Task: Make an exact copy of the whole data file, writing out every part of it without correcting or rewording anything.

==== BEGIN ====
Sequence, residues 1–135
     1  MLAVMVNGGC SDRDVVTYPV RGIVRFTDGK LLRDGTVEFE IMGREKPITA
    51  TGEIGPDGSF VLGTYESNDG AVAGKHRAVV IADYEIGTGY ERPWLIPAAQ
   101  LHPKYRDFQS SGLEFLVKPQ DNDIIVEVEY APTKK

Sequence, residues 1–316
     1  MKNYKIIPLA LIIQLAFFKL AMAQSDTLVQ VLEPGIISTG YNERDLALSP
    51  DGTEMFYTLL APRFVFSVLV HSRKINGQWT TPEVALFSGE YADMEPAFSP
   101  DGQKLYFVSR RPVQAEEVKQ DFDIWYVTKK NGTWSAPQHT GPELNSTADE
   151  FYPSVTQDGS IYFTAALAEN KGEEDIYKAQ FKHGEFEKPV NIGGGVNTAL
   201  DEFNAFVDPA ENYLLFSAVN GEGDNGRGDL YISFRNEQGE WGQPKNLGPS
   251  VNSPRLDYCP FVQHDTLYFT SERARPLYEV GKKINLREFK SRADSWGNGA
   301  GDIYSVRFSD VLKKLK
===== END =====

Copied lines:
Sequence, residues 1–135
     1  MLAVMVNGGC SDRDVVTYPV RGIVRFTDGK LLRDGTVEFE IMGREKPITA
    51  TGEIGPDGSF VLGTYESNDG AVAGKHRAVV IADYEIGTGY ERPWLIPAAQ
   101  LHPKYRDFQS SGLEFLVKPQ DNDIIVEVEY APTKK

Sequence, residues 1–316
     1  MKNYKIIPLA LIIQLAFFKL AMAQSDTLVQ VLEPGIISTG YNERDLALSP
    51  DGTEMFYTLL APRFVFSVLV HSRKINGQWT TPEVALFSGE YADMEPAFSP
   101  DGQKLYFVSR RPVQAEEVKQ DFDIWYVTKK NGTWSAPQHT GPELNSTADE
   151  FYPSVTQDGS IYFTAALAEN KGEEDIYKAQ FKHGEFEKPV NIGGGVNTAL
   201  DEFNAFVDPA ENYLLFSAVN GEGDNGRGDL YISFRNEQGE WGQPKNLGPS
   251  VNSPRLDYCP FVQHDTLYFT SERARPLYEV GKKINLREFK SRADSWGNGA
   301  GDIYSVRFSD VLKKLK